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One thing you should consider is the rootstock on which your citrus is grafted upon.  Check out citrus that is grafted onto "Flying Dragon" rootstock.  Yes, that is its name and it is a selection of Trifoliate Orange.  It is a dwarfing variety, which makes for a smaller plant and the most cold hardy citrus grown.  There are pictures of it growing in Tennessee, but as a tree in and of itself, the fruit is bitter and inedible!  As a rootstock it helps the grafted fruit variety handle the cold better.  When placing against a south facing wall or using a favorable micro-climate the smaller tree may be advantageous?  South Georgia and South Alabama are being planted with Satsuma groves and I've heard that Satsumas, like greens (collards, turnip & mustard) taste better after being kissed with a frost!  Try these nurseries for cold hardy citrus, https://www.mckenzie-farms.com, https://www.lochlaurelnursery.com and https://justfruitsandexotics.com.  Hope this helps and home grown citrus is just amazing!  
 
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the only cold hardy citrus i know of that cna be planted in ground in pnw zone 8b is yuzu quite beauitful and productive with no protection what so ever. all other citrus will generally need to be brought indoors to prevent frost.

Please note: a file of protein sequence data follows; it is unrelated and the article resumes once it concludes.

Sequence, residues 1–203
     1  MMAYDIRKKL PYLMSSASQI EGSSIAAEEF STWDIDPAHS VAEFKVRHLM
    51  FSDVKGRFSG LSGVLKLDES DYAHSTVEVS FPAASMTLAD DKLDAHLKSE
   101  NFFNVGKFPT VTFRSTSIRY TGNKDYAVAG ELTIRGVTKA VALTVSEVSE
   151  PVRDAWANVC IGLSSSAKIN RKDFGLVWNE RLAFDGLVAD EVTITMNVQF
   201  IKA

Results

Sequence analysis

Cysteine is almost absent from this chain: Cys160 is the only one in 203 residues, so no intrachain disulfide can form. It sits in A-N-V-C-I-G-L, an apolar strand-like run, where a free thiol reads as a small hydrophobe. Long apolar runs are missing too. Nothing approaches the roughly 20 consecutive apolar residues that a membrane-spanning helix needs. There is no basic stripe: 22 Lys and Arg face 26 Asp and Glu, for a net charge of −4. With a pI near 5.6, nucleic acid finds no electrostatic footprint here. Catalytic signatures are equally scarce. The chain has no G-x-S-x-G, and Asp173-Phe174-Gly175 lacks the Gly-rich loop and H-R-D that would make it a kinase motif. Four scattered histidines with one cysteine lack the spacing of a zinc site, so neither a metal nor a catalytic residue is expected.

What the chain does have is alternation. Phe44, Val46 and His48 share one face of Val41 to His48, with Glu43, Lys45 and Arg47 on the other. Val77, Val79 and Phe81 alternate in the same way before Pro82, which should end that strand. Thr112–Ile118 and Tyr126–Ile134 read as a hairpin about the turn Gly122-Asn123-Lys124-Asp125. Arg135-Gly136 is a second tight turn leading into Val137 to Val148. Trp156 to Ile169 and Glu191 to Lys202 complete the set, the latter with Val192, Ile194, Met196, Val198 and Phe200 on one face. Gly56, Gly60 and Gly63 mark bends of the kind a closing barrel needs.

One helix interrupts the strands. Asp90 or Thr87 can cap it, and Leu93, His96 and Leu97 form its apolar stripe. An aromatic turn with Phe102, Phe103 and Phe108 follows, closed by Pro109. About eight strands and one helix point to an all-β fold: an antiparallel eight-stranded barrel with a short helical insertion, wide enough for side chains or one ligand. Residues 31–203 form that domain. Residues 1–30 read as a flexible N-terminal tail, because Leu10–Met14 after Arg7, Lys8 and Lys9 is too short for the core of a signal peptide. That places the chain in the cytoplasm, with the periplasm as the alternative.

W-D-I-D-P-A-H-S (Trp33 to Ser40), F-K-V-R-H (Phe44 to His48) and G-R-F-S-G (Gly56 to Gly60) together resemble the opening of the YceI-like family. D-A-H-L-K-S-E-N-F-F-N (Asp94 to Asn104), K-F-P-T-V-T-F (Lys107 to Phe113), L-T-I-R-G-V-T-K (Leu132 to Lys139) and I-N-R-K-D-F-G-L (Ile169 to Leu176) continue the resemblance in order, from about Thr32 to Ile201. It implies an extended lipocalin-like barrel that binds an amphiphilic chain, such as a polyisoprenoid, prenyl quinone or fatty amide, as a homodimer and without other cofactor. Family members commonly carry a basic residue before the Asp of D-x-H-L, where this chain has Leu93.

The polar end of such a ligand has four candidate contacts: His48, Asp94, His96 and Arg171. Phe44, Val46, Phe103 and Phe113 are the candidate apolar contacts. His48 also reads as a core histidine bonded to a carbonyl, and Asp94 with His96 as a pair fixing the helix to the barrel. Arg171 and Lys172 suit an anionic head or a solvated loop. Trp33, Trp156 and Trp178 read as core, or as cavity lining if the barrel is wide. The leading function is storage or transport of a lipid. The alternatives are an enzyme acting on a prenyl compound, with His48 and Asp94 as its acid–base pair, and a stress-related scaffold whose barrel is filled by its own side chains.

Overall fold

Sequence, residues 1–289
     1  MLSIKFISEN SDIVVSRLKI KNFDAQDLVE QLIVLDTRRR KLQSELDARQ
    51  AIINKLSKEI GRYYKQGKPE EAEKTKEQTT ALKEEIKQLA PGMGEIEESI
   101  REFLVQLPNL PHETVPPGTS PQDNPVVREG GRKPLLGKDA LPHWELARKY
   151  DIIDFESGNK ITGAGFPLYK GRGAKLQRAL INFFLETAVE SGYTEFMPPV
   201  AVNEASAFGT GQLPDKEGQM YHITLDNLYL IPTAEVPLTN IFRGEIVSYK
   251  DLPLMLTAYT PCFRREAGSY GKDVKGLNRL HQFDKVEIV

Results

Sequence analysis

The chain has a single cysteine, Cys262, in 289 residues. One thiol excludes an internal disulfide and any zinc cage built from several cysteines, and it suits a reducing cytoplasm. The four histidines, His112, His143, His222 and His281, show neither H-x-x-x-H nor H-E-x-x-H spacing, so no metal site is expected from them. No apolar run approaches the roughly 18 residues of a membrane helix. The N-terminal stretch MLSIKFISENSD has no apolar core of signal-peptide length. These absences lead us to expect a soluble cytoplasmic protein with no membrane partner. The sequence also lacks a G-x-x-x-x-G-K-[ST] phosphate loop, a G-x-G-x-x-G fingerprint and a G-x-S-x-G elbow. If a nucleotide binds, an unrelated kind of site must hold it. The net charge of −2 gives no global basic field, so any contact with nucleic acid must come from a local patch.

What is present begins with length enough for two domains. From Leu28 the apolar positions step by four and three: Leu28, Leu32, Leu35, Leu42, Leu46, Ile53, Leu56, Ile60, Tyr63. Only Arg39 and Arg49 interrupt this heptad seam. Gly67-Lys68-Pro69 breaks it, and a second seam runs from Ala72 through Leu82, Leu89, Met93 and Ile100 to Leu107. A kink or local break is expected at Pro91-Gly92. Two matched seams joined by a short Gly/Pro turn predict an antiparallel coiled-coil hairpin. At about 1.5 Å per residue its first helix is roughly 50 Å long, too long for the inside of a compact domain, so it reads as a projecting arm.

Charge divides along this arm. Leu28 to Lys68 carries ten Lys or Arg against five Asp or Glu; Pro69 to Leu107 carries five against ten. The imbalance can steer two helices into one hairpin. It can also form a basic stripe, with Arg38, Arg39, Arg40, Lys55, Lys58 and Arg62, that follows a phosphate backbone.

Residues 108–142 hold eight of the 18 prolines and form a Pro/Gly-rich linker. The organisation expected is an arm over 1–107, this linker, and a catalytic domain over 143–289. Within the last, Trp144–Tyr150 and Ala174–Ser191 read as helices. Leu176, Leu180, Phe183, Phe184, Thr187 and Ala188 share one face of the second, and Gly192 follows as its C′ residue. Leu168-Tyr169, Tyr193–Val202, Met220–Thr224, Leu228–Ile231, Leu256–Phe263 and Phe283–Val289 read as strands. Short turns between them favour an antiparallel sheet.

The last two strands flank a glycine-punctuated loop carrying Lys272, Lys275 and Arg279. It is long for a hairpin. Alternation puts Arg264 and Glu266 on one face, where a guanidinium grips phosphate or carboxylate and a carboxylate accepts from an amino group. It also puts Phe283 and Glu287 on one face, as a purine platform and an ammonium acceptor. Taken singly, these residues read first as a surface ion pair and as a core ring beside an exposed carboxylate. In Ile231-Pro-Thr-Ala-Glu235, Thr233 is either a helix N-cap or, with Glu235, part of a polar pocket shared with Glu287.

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This will be my 2nd year growing citrus in ground here in 7b-- so 8b should be a lot easier! Some of the citrus I am growing is a little more cold sensitive so it is sheltered on the south of my house against the brick wall and fireplace. Just fruits and exotics I've purchased from before but unless you are in FL you'll need to drive down for a pickup. Mckenzie farms is also good and the owner is a great person to chat with-- I think they may ship(?) but their listings online are seriously lacking. The other site that was mentioned, I've not looked at previously.

I've purchased a number of citrus from one green world and they are great as well.

I would suggest some reading Cold Hardy Citrus for the South East. It is a little painful due to formatting (scanned from hard copy) but it is the only one I've been able to find. It will break down a number of varieties that can be grown. The list given there is pretty surprising at least to me and I'll be expanding out greatly with them.

California's Citrus Clonal Protection Program seems to also offer good grafting material. I've not purchased from them yet however.

Fruitwood Nursery has also started offering cuttings and I have a lot from them under light/heat now trying to get them to root.

Good luck-- cold hardy citrus can be an addicting hobby!
 
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Location: Atlanta, United States
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You should check out leadfarmer73 on youtube. He's growing all kinds of fruit trees, including bananas and citrus, in South Carolina and has lots of videos about them.  https://www.youtube.com/user/leadfarmer73